Comments, In Focus

The liberation of one group, the liberation of us all

Is it enough to read a left leaning newspaper? This can be refreshing compared to the mainstream media, because it means having access to some critical thinking in relation to the government‘s role in addressing social issues.


Mabel Encinas


However, reading a newspaper is not enough to change the world.

As Paulo Freire stated in relation to literacy, reading is actually reading the world.

Access to a wider view of the news, requires being in contact with social media, not only for the immediacy with which the news come through, but also due to the fact that we all can publish and distribute both whatever is going on as it happens, and our critical views. Reading the world is not a passive act. In previous columns, I have stressed the need to engage in the communities of which we are a part, establishing dialogues and creating common experiences.

Working together, doing together, involves individual and social learning.

In the current political landscape in the UK, we (this multicultural people) are facing an increasing number of right-wing policies that aim to dismantle the infrastructure that has taken years and lots of work to be negociated and built.

At the moment, health and social care, education, housing and initiatives to beat poverty, among other social issues, are at risk.

We can make a difference taking action. We need to search and participate in groups that think like ‘us’.

The world has not changed only by discussions that take place behind a cup of coffee or a pint in the pub.

Discussions feed our reflections, but we need to get to work, and work together.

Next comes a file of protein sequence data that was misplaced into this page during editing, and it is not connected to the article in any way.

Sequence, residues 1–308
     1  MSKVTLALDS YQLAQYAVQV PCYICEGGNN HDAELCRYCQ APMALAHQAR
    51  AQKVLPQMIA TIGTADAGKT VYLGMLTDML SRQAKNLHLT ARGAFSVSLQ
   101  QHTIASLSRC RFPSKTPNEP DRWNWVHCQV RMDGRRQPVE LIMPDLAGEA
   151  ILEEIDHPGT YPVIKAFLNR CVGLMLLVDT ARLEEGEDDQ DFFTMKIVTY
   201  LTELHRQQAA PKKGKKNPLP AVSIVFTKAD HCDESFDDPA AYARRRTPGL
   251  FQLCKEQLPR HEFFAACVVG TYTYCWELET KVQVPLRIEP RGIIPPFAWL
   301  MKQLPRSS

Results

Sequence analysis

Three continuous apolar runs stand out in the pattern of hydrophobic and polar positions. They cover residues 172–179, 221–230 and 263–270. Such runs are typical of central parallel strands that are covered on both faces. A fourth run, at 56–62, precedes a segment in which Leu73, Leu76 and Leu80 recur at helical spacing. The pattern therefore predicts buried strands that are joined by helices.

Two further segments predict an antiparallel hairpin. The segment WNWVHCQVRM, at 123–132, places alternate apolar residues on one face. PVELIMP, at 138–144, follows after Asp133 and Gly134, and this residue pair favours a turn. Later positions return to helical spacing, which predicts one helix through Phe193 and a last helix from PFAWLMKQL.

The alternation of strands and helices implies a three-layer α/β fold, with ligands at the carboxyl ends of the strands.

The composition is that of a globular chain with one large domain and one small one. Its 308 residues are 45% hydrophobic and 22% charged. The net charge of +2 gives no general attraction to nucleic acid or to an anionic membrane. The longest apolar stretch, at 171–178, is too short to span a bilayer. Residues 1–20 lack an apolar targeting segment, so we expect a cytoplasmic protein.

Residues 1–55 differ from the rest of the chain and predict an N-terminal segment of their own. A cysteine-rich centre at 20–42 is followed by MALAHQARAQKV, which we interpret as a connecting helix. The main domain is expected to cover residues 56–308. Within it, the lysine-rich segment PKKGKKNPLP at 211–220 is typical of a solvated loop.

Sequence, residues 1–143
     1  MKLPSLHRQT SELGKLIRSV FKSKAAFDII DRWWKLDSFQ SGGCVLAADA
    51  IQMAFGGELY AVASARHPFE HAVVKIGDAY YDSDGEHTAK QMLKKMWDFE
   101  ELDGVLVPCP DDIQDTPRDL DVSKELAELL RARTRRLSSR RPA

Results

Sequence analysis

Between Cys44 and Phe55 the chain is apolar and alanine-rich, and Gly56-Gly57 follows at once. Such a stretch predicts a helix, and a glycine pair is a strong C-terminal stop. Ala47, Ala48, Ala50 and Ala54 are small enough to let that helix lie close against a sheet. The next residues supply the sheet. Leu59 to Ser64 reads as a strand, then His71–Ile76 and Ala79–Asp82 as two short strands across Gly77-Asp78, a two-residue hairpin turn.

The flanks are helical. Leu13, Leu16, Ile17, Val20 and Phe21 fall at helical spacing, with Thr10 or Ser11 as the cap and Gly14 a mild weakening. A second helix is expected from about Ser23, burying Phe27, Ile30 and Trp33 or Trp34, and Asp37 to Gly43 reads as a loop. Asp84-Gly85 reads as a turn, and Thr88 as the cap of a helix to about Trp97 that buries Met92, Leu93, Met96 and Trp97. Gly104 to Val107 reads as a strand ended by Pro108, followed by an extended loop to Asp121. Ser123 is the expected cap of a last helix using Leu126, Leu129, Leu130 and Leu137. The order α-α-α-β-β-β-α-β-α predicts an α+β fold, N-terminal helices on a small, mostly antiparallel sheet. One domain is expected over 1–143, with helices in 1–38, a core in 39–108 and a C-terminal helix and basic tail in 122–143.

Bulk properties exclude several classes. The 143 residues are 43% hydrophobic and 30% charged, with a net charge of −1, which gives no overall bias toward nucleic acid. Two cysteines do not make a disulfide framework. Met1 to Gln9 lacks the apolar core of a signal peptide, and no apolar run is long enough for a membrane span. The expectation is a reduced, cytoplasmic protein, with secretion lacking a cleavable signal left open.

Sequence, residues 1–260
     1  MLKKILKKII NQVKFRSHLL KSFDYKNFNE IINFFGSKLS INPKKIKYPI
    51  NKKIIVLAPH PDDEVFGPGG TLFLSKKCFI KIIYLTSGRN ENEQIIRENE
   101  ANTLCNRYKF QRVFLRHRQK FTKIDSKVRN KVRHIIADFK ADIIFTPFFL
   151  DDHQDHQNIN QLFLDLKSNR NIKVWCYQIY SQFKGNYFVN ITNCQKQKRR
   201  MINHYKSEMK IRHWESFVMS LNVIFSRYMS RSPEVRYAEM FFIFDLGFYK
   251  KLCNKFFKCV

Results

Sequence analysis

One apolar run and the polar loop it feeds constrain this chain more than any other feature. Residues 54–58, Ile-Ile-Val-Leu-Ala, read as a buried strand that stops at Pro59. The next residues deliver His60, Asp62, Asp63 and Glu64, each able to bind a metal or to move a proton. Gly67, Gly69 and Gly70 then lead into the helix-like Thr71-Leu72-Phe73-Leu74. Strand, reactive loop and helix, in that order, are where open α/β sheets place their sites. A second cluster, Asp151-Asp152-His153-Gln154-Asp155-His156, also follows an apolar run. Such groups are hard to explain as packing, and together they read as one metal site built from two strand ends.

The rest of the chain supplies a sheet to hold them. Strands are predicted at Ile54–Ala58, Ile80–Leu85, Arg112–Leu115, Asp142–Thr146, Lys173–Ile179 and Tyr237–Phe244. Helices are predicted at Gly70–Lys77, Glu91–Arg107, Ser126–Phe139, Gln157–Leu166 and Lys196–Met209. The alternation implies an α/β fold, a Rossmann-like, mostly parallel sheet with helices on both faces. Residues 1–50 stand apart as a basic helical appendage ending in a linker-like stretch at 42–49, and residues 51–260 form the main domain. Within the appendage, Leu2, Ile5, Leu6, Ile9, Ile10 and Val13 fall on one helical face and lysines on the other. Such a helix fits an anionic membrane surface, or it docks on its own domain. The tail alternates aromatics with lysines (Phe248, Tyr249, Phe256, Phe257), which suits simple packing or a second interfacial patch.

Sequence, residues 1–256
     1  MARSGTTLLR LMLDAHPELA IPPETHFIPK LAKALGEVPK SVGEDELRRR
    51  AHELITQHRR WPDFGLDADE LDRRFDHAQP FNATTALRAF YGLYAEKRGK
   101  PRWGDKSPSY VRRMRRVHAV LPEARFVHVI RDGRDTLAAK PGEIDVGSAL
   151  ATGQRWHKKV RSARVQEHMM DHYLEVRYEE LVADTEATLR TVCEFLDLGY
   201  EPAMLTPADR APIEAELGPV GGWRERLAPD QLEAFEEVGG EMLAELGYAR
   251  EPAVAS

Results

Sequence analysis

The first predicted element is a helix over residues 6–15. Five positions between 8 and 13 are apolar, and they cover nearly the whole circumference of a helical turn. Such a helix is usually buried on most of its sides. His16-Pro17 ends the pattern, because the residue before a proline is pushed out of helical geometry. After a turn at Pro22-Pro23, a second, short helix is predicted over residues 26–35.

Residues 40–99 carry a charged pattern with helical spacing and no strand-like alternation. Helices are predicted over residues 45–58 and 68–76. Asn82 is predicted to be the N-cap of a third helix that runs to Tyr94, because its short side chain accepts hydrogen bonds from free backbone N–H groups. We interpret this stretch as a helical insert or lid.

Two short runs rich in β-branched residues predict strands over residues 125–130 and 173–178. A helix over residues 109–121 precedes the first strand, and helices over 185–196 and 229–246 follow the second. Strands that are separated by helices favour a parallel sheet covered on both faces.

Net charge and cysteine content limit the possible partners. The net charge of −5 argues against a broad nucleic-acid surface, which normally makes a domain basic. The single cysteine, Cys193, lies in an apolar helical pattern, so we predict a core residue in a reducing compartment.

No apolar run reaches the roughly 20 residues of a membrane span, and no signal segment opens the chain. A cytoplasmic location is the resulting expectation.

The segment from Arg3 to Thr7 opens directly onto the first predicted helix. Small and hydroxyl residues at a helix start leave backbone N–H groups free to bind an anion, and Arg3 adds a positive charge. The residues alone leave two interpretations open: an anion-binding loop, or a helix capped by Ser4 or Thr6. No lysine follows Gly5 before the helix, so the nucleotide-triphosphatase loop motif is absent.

To participate involves attending to community meetings or to assemblies of groups that have some affinity and engage in similar struggles to ours.

Working with groups involves learning, and learning is not always easy-peasy.

If we are members of one or some groups, issues always emerge. One day in which I complained about the fact that we, Latin Americans, engage in futile arguments among ourselves (so groups dismember and new ones are created), an English friend of mine made the point that this does not only happen to Latin Americans.

If we are part of a group, we need to learn to work together.

However, we have an additional challenge: we need to create coalitions and work with groups that do not seem to be ‘like us’, but who also question the government’s movement to the right.

The little village in which everybody do the same, eat the same, look the same and think and believe the same things, is an endangered species.

We live in quite the opposite world context: multicultural vibrant societies in which we acknowledge our differences and we need to live with them.

As three decades ago Bernice Johnson Reagon underlined, coalition work is hard work and if it is not ’you’re not really doing no coalescing’.

Again, working together, doing together, involves learning indeed.

We need to work together despite our differences in terms of gender, race, social class, sexuality, dis/able-body, age and nationality, to name only some of them.

We need to work together, from the grassroots, to challenge policies that affect all of us in one way or another.

The liberation of a group is only achieved by achieving the liberation of all.

We need to be active. At any level of participation in which we are, doing is how our reading of the world can certainly widen. (The Prisma’ memoirs. 2015)

(Photos: Pixabay)


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